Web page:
Vocational Higher Secondary Schools at Present

Vocational Higher Secondary Schools at Present

Vocational Higher Secondary Schools

“People do not know about these courses. When I told people I had taken this course, the general reaction was, ‘Why this course?’ There is a stereotype that only students with less marks would opt for the Vocational Higher Secondary Schools (VHSS) courses.”

– Krishnindhu, VHSS student, 24 July 2023

Lace Making, Embroidery, and Sewing were taught in mission schools from the nineteenth century. Image: University of Southern California Digital Library, 1937

Skill-based education was essential to the modern schools introduced by missionaries in Malabar, Cochin, and Travancore in the early nineteenth century. Later, when the various governments in these regions took up the responsibility of formal education in the mid-nineteenth to early twentieth centuries, they carried forward the importance given to skill-based or technical education.

In 1983, the Kerala government introduced Vocational Higher Secondary Education (VHSE) with a limited selection of courses in 19 schools, but soon expanded to include disciplines ranging from technology, healthcare, hospitality, and commerce to arts and crafts. In 2018-19, the National Skill Qualifications Framework (NSQF) was implemented for vocational courses all over India, including Kerala.

“NSQF gives vocational training to students in classes 11–12. At least 30 per cent of the student population needs to be given training in trade.”

– Dr Anil Kumar R. Kurup, VHSS teacher, Thrissur, 2023

 

St. Ignatius VHSS, Kanjiramattom, Ernakulam. Image: JANAL Archives, 2023

Students working in a technical laboratory, St. Ignatius VHSS, Kanjiramattom. Image: JANAL Archive, 2023

Biju Kuriakose, clerk at St. Ignatius VHSS. Image: JANAL Archives, 2023

St. Ignatius VHSS, Kanjiramattom

St. Ignatius School was started in 1939 as an upper primary school near St. Ignatius Church in Kanjiramattom. The St. Ignatius VHSS was started in 1991 and was the first aided VHSS in Kerala.

“I studied in a VHSS in 1984–86. I did a course related to agriculture that helped me to try innovative methods in cultivating my parambu (garden plot).”

– Biju Kuriakose, Clerk, St.Ignatius VHSS, 2023

 

High School Section of Rahmaniya for the Hearing and Visually Impaired Students, Kozhikode. Image: JANAL Archives, 2023

Rahmaniya VHSS, Kozhikode

In 1973 the Association for Welfare of Handicapped (AWH) started the Rahmaniya School for Handicapped to provide vocational and all-round development for children with special needs. The Rahmaniya VHSS was started in 1991 to continue providing vocational support to deaf students (hearing-impaired, HI, is the term used by the staff to refer to the students) in the Rahmaniya School.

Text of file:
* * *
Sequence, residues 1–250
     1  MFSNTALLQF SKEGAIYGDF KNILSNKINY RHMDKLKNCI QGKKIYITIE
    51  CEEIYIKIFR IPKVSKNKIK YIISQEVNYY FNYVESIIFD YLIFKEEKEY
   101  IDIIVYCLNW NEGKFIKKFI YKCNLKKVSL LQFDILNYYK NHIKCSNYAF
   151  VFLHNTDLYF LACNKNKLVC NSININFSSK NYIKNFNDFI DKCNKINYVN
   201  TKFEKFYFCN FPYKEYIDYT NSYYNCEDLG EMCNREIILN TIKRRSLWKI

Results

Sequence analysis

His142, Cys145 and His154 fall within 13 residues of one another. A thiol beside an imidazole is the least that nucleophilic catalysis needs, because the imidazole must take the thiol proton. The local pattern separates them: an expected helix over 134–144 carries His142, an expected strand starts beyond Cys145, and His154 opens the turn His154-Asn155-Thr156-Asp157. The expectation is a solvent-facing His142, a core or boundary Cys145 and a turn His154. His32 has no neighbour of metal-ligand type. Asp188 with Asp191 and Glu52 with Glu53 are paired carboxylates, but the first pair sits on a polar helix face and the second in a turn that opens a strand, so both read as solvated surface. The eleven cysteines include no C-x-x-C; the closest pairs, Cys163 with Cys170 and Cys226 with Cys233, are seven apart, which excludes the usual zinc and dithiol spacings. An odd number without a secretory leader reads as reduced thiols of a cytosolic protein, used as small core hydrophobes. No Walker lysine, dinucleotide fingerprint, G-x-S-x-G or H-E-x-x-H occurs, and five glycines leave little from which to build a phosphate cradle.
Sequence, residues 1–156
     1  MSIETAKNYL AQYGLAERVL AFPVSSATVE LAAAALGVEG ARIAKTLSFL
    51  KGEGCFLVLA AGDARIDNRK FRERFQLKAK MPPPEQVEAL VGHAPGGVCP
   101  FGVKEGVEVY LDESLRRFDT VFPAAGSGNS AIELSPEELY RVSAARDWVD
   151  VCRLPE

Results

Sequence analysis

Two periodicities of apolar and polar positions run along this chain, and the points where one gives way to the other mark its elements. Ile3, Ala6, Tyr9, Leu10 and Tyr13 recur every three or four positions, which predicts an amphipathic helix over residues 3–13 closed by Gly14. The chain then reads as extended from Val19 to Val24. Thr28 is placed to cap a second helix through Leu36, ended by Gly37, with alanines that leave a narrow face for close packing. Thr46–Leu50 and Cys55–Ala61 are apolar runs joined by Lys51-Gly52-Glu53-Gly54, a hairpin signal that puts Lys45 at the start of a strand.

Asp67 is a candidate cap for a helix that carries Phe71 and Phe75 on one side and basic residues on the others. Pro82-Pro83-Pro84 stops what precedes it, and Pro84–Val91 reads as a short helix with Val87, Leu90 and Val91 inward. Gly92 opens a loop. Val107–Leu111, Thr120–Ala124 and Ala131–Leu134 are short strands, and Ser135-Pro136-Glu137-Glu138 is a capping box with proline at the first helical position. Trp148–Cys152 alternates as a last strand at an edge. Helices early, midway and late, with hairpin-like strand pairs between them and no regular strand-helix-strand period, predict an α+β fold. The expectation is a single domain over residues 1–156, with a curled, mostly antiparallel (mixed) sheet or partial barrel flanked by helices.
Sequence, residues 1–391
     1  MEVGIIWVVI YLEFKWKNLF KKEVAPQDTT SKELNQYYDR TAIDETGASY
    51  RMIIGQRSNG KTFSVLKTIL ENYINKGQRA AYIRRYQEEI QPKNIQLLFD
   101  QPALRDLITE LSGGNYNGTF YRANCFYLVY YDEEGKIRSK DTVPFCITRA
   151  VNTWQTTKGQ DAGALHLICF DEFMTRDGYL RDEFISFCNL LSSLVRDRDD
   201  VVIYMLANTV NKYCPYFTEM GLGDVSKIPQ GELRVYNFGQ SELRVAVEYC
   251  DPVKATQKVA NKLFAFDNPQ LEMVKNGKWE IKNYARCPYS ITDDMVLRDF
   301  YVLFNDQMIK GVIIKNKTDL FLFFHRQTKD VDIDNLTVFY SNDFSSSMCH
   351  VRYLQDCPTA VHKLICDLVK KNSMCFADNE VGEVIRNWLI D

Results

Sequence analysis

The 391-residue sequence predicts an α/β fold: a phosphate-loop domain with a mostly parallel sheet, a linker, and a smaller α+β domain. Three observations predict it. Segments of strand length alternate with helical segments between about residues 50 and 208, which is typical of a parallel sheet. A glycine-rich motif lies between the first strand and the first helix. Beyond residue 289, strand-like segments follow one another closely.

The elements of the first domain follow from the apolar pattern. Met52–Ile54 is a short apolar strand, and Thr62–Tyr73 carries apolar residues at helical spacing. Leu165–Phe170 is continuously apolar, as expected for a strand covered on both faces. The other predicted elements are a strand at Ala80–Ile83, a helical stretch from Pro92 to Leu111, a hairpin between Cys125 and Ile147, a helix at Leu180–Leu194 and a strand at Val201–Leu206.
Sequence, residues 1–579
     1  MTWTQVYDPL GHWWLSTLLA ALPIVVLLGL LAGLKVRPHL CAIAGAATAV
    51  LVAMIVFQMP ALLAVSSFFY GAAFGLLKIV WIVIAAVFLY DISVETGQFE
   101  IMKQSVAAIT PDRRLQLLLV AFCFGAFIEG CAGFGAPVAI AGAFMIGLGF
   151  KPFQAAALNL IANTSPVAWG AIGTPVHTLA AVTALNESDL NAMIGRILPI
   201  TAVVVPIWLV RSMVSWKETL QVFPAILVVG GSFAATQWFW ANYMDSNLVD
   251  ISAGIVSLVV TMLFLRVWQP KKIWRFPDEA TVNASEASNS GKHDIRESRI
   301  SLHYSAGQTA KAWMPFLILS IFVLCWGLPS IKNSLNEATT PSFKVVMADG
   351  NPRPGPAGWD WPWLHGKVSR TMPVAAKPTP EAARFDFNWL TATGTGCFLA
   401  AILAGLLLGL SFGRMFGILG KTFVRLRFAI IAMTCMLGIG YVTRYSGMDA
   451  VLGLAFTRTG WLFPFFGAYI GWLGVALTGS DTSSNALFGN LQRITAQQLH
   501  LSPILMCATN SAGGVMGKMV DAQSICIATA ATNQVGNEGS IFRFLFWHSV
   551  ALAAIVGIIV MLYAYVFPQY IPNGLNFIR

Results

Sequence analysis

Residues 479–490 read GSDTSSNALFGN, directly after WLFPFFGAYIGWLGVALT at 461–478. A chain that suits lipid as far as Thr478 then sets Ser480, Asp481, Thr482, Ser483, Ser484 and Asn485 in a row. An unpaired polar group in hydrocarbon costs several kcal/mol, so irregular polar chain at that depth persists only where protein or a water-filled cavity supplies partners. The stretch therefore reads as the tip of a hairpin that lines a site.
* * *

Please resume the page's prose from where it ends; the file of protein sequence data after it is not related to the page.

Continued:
The Subjects in a Vocational HSS

“Vocational Course was thought of as a terminal course by the Centre due to the high school dropout rate in North India. In Kerala, the trend of doing higher studies has made this into a transitional course. Though the idea was that the course would enable the student to enter a trade directly, that has not happened.”

 – Dr Anil, VHSS teacher, Thrissur, 2023

A VHSS course in a school typically has five subjects—a vocational course, a language, and three other subjects. In an HSS, the students would learn two languages and three other subjects. In Kerala, because of the high levels of education, VHSS students prefer to go for higher education and hopes to land a “white collar” job.

Computer laboratory, Rahmaniya VHSS. Image: JANAL Archives, 2023
List of courses in the flyer created by Rahmaniya VHSS for the academic year 2022-23. Image: JANAL Archives, 2023
Four Wheeler Service Technician (FST) laboratory in Rahmaniya VHSS. Image: JANAL Archives, 2023

Impacts of the Revision

Existing vocational courses were revamped and named to suit the new content after NSQF was implemented in 2018. These changes have altered the aspiration, demand for, and quality of specific VHS courses. For instance, renaming and changing the content of the Maintenance and Repairs of Radio and Television course into the Field Technician Computing and Peripherals (FTCP) course had enormously increased the demand for the course.

In the 1990s, The civil course in St.Ignatius VHSS was revised and renamed as the Draughtsperson. This involved incorporating new technologies, which has led to unexpected fallout.

“The teachers have also been learning new technology with the students.”

– Bessy Mathew, St.Ignatius VHSS teacher, 2023.

The Dietetic Aide Laboratory at St. Ignatius VHSS, which was earlier the MLT laboratory. Image: JANAL Archives, 2023